Aradia was a Moon Goddess from Tuscany, honored by the witches of that region but not well known outside of Italy until in 1899, when the American folklorist Charles Leland published Aradia, or the Gospel of the Witches Leyland claimed the book was the religious text belonging to a group of Tuscan witches who venerated Diana as the Queen of the Witches. Leyland was both a hero and a learned scholar educated in Germany and America. He had a knack of being accepted by secret societies and was embraced by the Tuscan witches. Leyland was given material for his books from a hereditary witch named Maddalena including the Vangelo or Gospel of the Witches.
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There may be no other text more debated or controversial than Aradia, or Gospel of the Witches by Charles Leland, purported to be given to him by an Italian Witch named Maddalena. However, there may be no other text that has been as influential on modern witchcraft and particularly Wicca than Aradia, or Gospel of the Witches.
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Aradia is familiar to most contemporary Pagans and Witches as the principal figure in Charles G. Leland’s Aradia, or the Gospel of the Witches, first published in 1899. Leland presents her as the daughter of Diana, the goddess of the moon, by her brother Lucifer, “the god of the Sun and of the Moon, the god of Light” (Leland, 1899, 1998:1), who is sent to earth to teach the poor to resist the oppression of the wealthy classes through magic and witchcraft. Through Leland’s work, Aradia’s name and legend became central to the Witchcraft revival. Between 1950 and 1960, “Aradia” was probably the secret name of the Goddess in Gardnerian Craft (it has since been changed), and she has also given her name to numerous contemporary Witchcraft traditions (Clifton, 1998:73).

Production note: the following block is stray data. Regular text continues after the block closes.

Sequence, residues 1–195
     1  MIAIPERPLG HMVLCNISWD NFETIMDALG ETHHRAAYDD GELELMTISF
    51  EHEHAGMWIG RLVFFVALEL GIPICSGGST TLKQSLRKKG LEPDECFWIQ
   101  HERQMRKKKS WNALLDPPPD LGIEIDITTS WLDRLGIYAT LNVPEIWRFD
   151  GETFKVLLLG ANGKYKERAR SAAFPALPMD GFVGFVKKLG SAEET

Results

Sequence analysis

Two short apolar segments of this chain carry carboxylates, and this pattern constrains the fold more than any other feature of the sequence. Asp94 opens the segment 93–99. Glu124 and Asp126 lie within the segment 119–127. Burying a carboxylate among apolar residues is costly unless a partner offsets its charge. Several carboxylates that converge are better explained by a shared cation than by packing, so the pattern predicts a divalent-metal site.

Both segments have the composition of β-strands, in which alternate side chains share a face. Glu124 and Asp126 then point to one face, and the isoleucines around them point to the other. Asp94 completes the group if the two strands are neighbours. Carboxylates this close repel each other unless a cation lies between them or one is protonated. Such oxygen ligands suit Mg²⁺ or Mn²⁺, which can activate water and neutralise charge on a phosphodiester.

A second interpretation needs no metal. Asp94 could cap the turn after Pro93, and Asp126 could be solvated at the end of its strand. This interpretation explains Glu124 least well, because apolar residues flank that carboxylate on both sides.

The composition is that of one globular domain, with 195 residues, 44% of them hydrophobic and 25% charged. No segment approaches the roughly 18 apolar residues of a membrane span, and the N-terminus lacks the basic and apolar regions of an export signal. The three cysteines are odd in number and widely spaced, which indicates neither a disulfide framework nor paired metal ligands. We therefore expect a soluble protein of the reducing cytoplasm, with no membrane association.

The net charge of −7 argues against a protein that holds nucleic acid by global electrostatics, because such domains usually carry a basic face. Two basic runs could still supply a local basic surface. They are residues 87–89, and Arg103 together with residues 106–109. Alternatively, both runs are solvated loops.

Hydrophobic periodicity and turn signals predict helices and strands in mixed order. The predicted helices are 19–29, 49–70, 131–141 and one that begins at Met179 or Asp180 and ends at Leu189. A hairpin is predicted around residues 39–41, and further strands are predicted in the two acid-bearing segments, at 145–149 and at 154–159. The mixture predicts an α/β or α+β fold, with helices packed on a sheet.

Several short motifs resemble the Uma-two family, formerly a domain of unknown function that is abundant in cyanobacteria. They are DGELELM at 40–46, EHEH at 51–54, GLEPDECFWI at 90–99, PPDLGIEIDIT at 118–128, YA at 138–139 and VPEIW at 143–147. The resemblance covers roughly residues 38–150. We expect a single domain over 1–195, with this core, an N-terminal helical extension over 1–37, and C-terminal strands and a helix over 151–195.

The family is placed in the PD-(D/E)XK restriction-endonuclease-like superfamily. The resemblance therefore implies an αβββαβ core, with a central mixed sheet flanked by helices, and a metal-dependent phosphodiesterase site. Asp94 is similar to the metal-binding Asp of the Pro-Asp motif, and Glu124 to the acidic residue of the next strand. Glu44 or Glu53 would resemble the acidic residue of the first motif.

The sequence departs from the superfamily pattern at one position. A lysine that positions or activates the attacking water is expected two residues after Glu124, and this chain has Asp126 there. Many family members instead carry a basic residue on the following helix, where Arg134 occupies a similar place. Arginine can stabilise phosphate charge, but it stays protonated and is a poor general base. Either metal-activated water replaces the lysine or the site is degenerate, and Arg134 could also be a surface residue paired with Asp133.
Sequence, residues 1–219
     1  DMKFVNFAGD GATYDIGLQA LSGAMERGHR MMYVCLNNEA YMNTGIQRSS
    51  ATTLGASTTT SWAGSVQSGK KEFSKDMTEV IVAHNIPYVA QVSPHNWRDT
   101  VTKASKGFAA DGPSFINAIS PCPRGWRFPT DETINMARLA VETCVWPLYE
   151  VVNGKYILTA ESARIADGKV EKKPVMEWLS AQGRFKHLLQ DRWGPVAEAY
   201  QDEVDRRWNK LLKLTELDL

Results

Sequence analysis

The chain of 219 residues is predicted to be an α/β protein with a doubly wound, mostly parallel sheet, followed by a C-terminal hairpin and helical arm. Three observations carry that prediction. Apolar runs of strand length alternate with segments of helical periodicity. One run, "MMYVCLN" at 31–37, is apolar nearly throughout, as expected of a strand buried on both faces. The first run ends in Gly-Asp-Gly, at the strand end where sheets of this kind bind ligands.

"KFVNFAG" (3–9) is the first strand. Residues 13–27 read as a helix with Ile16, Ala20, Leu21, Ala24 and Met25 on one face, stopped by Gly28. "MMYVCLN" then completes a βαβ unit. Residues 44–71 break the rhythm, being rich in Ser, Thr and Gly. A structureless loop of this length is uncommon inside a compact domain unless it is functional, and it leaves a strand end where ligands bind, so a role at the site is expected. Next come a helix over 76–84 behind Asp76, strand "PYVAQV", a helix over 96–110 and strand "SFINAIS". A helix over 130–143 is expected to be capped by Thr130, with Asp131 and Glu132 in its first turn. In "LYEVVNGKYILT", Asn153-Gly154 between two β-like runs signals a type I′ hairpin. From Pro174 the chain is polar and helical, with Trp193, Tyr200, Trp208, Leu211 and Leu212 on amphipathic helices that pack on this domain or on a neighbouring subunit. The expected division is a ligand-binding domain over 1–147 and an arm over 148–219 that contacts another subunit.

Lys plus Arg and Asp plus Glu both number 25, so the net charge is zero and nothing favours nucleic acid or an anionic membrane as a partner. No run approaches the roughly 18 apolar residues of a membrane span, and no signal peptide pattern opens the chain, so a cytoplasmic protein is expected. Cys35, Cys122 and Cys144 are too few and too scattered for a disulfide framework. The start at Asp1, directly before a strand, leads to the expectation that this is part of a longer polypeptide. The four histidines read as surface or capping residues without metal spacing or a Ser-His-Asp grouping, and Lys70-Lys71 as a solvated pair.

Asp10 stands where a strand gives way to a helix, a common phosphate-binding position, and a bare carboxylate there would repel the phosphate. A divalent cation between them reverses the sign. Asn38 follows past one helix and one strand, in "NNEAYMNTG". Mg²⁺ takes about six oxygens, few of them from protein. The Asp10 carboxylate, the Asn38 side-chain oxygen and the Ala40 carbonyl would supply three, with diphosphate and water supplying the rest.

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In Part 1 of Diana’s Moon Rays I explore the goddess Diana’s importance in Italian witchcraft, and her place in Charles G. Leland’s 1899 The Aradia. Read Part 1 first <
This article was first published in 2013 in the anthology The Faerie Queens. I am currently revisiting some of my research on Diana, the influences on her cult and the influences her cult had on subsequent Western occultism.
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If you have entered this enchanted world, I may assume that you are somehow called to the secret realms of Fairy Magic. Something of their mystical song has touched your ears, or your heart, or a hidden place of sub-conscious imaginings. And perhaps you have been led to believe (by parents, or teachers in school) that the world of Fairy is nothing more than imaginings – the whimsical flight of folly that children’s minds may fall prey to. But you are older now, and surely wiser. And here you sit, looking out into the veil of ether for that which your heart still longs for: the realm in which all your imaginings may at last be brought to light! This sacred place of Self is where we shall begin…the part of you that still believes! To enter the world of Fairy magic, you must believe that there is more to this universe than what can be seen by human eyes. You must believe in the hidden, the shadowed, and the obscure. You must begin to search with your inner eyes for that which lies beyond the mists, for it is there that you will find the first thresholds of Fey! These thresholds will open up into vast worlds, as diverse and complex as our own. The Realm of Fairy magic is not a place of fluttering tiny beings that delight only in tickling our upturned human noses. It is an entire dimension – richly inhabited by many races, species and beings.
Read more: https://wiccanspells.info/wiccan-pagan-articles/fairy-magic/